We have all desired a world where everyone can visit any website without being worried about people invading our privacy. With Google’s “near-monopoly,” and ability to almost single-handedly decide the turn of events, our ability to determine what happens to our activity logs remained a mirage for a very long time. There appears to be some positive news—Google is adding the ability to let you auto-delete your activity logs in its latest updated.
The search engine giant per VentureBeat, is launching auto-delete controls for location history and web/app activity logs. The auto-delete setting will be rolled out in the coming weeks. When rolled out, users will be able to select one of two windows-three months or 18 months, which specifies exactly how long they would like to retain data. This can be done from within the Google Account dashboard on both mobile and the web, where a dropdown menu allows them to choose any of the two options. The auto-delete setting will cover services like Discover on Android, Maps, Search, and Google Play. According to Google, any older data will be deleted on an ongoing basis.
“Data can make Google products more useful for you … [but] we’ve heard your feedback that we need to provide simpler ways for you to manage or delete it,” Google product managers Marlo McGriff and David Monsees said in a blog post. “You should always be able to manage your data in a way that works best for you — and we’re committed to giving you the best controls to make that happen.”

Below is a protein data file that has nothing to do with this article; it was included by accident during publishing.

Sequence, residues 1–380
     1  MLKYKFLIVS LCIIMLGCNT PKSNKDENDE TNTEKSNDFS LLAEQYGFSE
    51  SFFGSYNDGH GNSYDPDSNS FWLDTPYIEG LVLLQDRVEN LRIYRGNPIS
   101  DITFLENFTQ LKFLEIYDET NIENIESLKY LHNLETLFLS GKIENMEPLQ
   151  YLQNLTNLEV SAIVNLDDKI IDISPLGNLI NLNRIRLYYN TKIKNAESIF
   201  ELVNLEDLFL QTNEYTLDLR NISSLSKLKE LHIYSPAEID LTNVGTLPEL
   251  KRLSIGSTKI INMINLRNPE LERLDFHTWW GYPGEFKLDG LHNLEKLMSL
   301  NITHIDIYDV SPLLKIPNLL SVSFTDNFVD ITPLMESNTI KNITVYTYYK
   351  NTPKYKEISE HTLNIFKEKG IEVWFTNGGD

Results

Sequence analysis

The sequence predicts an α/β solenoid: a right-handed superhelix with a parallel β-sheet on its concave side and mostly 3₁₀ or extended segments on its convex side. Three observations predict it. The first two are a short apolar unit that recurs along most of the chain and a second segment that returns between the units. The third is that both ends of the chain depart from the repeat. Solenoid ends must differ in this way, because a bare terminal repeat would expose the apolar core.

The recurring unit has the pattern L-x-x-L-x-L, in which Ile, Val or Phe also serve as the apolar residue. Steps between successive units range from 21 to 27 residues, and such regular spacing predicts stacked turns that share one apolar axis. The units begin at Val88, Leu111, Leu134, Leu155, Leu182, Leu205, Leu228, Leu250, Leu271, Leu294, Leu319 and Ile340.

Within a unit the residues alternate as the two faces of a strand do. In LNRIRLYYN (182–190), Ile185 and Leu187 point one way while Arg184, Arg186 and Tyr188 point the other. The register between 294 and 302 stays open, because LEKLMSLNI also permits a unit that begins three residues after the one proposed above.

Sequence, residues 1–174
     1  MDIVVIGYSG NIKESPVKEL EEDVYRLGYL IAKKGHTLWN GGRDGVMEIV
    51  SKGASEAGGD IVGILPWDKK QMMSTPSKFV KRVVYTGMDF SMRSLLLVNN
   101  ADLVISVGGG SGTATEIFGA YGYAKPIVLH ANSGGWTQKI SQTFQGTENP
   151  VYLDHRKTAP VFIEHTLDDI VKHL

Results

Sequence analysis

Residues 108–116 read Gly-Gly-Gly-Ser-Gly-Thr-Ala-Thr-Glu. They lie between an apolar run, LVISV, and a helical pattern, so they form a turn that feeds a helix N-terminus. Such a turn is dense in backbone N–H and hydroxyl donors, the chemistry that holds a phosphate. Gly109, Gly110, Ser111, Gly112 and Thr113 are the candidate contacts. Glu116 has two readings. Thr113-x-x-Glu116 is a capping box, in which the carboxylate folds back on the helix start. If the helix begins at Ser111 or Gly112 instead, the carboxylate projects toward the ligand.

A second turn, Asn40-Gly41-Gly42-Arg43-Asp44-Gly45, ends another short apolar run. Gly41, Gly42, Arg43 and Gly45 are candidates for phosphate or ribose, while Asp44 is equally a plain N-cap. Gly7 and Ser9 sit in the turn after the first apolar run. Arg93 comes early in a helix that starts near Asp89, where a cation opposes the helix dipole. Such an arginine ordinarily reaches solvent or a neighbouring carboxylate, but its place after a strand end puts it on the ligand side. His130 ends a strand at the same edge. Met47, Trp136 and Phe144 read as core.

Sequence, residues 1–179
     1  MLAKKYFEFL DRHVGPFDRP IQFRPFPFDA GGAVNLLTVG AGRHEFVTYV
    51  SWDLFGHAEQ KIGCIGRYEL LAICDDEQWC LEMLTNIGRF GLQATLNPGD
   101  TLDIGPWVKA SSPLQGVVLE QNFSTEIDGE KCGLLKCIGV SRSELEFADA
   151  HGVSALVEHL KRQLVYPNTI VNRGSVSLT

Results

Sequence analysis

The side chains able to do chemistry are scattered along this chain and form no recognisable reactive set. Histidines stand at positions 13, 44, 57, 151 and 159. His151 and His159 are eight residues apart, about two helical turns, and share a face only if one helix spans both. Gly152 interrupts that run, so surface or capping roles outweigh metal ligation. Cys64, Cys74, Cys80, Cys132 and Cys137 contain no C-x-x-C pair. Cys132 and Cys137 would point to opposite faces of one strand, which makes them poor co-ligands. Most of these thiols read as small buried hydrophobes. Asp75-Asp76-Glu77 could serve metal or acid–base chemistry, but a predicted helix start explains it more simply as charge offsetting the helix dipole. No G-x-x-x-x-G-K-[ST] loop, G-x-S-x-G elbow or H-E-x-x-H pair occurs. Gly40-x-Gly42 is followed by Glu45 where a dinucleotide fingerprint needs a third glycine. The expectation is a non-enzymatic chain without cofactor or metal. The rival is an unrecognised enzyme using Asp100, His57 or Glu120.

In related news, it seems Google is bringing ads to the Assistant on Android. With this, Google is set to make the powerful assistant more interesting with better visual responses. What that means is that when next you ask the assistant a question, you going to get responses that show the standard Google Search layout. I am sure you know what that means—it responses will not only look like what you have in Google Search, but with ads as well.
Going forward, all responses will look exactly like what you would usually see if you query a search from your mobile browser. Prior to this tweak, the assistant would show a pared-down version in response to your queries.
While this minor tweak makes the assistant more attractive to users, it has a downside—you will start seeing ads. Maybe a few ads to kick off the new layout, but there are chances that Google may increase the number of ads as time goes on.
Google Assistant still won’t be able to provide you with complete answers to some of your search queries, but will instead show you links to various sources so you can learn more.